Then there is the issue of blatant misconceptions surrounding gambling risks, that are in the best cases left unaddressed, or in the worst cases perpetuated by some gambling operators. In response to the same question posed by Bluedot Insights, a much smaller group of respondents said they engage in gambling because they see it as “a test of skill and judgement”. This harmonises with the number of Jamaican gamblers who meticulously keep records of past winning numbers in perpetuity, obviously because they see some correlation between all the past draws and tomorrow’s winning number which will undoubtedly be theirs. What exactly are we calculating when each ‘winning number’ is a result of a purely random draw?
And then, closely related to the issue of miseducation is the role superstition plays in Jamaican gambling.
One game, very popular for its appeal among the most superstitious among us, which attaches a symbol to each number that can be betted on, had a catchy advertisement back in the day. The jingle encouraged players to “open up” their eyes because “everyting around mek winning easy”. The rare sighting of a rat, goat or white woman was and still is enough to send many on a trip to the gambling house.
People have their beliefs, but I’m not so sure about encouraging and reinforcing superstitions that will keep people under the spell of gambling away their money simply because it makes good business.
Thankfully, the reason regulatory agencies like the BGLC exist is to safeguard the interests of people, who sometimes do not even know what they don’t know. This is clearly not to say gambling-related products should not be advertised, but certainly not in ways that promulgate false ideas about gambling or that target vulnerable groups.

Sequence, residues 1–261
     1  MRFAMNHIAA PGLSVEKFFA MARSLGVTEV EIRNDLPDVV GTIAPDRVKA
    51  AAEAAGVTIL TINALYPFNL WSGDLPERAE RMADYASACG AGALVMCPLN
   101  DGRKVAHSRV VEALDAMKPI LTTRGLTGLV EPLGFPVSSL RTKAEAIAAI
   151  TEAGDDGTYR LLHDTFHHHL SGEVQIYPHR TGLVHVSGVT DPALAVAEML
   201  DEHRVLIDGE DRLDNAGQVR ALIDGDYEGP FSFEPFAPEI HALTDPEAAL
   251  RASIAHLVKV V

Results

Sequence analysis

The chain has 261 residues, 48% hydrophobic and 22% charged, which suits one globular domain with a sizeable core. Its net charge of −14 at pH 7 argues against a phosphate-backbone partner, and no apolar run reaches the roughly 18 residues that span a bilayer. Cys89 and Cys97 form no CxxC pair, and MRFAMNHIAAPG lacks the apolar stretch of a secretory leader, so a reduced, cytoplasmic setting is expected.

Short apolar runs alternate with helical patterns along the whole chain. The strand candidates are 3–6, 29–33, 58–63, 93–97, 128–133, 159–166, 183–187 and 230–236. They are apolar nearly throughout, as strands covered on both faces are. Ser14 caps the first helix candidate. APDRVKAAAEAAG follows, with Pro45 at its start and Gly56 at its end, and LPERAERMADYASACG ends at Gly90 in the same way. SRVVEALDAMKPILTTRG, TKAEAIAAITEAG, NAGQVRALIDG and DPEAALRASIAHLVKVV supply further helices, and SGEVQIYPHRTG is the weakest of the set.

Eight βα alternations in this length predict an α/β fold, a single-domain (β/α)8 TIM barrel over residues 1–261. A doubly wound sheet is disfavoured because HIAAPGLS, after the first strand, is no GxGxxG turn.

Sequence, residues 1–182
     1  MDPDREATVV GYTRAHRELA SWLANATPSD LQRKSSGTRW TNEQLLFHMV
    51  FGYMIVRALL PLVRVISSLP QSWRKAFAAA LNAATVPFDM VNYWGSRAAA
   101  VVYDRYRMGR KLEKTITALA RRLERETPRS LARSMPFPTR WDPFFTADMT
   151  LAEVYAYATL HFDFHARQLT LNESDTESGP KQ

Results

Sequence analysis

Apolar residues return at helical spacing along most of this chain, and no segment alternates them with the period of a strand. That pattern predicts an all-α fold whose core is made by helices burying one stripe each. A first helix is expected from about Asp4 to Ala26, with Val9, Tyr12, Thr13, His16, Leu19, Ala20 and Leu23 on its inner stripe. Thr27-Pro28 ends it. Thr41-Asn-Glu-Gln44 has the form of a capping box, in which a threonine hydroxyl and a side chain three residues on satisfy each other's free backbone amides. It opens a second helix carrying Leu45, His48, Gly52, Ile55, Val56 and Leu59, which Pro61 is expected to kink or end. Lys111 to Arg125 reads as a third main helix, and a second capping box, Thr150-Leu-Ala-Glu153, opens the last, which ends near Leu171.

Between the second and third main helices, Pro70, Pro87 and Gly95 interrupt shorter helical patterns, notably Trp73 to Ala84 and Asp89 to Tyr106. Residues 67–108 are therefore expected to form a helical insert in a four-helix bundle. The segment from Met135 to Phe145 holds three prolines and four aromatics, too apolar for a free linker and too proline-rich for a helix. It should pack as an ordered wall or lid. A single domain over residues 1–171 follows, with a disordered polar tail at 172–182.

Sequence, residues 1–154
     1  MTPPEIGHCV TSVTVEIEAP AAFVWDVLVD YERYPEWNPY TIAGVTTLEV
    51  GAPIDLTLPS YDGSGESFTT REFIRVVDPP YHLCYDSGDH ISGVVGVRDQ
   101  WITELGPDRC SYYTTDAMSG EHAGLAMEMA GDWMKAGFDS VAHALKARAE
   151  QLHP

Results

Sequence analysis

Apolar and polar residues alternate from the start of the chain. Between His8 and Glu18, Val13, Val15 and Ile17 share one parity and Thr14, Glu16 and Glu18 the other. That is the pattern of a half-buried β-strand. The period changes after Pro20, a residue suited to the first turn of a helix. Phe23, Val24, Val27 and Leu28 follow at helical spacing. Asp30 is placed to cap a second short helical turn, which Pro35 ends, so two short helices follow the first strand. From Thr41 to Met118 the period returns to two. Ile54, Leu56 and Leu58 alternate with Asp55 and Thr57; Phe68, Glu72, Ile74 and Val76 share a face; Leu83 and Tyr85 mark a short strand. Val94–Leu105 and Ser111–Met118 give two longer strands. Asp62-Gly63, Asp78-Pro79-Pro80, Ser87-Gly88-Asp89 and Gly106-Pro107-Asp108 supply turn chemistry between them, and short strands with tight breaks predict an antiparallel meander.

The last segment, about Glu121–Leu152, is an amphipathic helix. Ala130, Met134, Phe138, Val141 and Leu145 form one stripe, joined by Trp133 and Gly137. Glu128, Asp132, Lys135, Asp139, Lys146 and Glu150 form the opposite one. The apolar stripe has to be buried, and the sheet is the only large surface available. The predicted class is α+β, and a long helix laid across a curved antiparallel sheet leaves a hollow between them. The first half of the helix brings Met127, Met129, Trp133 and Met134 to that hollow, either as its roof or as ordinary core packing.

There is also a very negative stigma, true or not, that gambling-related marketing and advertisements tend to be misleading or untruthful. Ads were described by some participants in the research as being persuasive and as perpetuating false hope. Dangling the unlikely prospect of massive winnings without ever mentioning the potential for losses through assertions such as “the more money yuh bet, the bigger the winnings” will inevitably mislead some but it also fosters mistrust and scepticism in others.
Within a context where nearly 40 per cent of survey respondents indicated that they learned about gambling as a direct result of advertising, the BGLC is right in seeking to address a damning perception of deception in gaming advertising. It is also justified in seeking to reduce the potential for gambling operators to exploit broad and ambiguous laws and regulations on marketing and advertising, none of which pertain specifically to gambling.
Hopefully at some point, the move towards improving the advertising and marketing landscape for betting, gaming and lotteries will lead to increased efforts to improve the general understanding of gambling risks.
Kristen Gyles is a free-thinking public affairs opinionator. Send feedback to email@example.com